Challenging Words: Exploring Issues in Self-Identity, Racial Slurs, and Political Correctness

Sports got political on Sunday. NBC sportscaster Bob Costas utilized a halftime moment to talk about a longstanding issue: The use of Washington’s Football team name, the R*dskins. I noticed a reaction on my Facebook- from someone who was not a person of color: “I don’t want to hear Bob Costas inject his politically correct b*tch ass opinion.”

Now why does it matter if such opinions come from a person of color or not? Ideally, it shouldn’t, but issues of identity tend to be more prone in communities of color- and there’s a reason for it. The debate reminded me of a contentious argument I saw at Occupy Los Angeles. The Los Angeles camp had an extremely diverse crowd: ethnically, ideologically, and generationally. Tensions were inevitable.

A man from an indigenous group made a declaration to the 100-person crowd: “Do not use the word Hispanic.” Better yet, he said, all of us should refer to those in the camp from a Latino background with a more respectful term: “Indigenous.” Immediately afterward, a light-skinned man approached the platform and insinuatingly asked, “Would you accept the term ‘human’?” It was a well-intended and seemingly simple question; maybe a heartened effort to bridge all our humanity together. But the reality is that such questions are mired in historical ignorance.

Here’s how: Issues of self-identification are difficult to understand by groups in society who always had the right to self-identify. It’s relatively recent that communities of color, on the other hand, can say how they want to be identified without facing jail time or death. This comes after centuries of suffering, violence, and peaceful resistance on our part. Now we, as communities of color organizing for peaceful equality for all people, finally have the right to say this is who we are, yet today we still face resistance. It is a right that is taken for granted, just like Americans take many other rights for granted. Those who came before us died for our right to say we are not wetb*cks, we are not ni*gers, we are not r*dskins. The right to say this is who I am and this is who I’m not is an American struggle that, given the R*dskin team name debate, is still ongoing.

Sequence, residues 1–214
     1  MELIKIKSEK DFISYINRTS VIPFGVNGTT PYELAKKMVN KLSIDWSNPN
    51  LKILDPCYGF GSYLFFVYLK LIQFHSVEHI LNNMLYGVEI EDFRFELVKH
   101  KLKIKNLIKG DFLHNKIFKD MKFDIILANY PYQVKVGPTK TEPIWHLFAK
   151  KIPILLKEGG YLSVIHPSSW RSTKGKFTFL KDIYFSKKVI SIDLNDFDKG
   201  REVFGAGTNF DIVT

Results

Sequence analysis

I am not a nationalist; I believe the core of issues in the United States and globally are economic. However, I recognize the lack of understanding that is prevalent when someone asks “why not just be human?” Of course we are human, but humans are not naked of culture or history. Such a being would be hardly considered human at all. Such questions try to minimize the dynamics of Chicano and Indigenous culture, by branding us naked of identity and culture altogether (trust me, our people have been there before and aren’t interested in going back).

So when a person of color makes a stand for his/her identity, remember it’s a historically rare occasion to be that free to do so. It’s also threatening when a person tries to attack our display of self-identification.

I personally do not identify myself as Chicano or anything similar, but I respect people’s right do so. This may seem like a contradiction, but my fundamental point is this: We all have the right to identify ourselves how we’d like. This is a relatively new right we’ve gained over the years.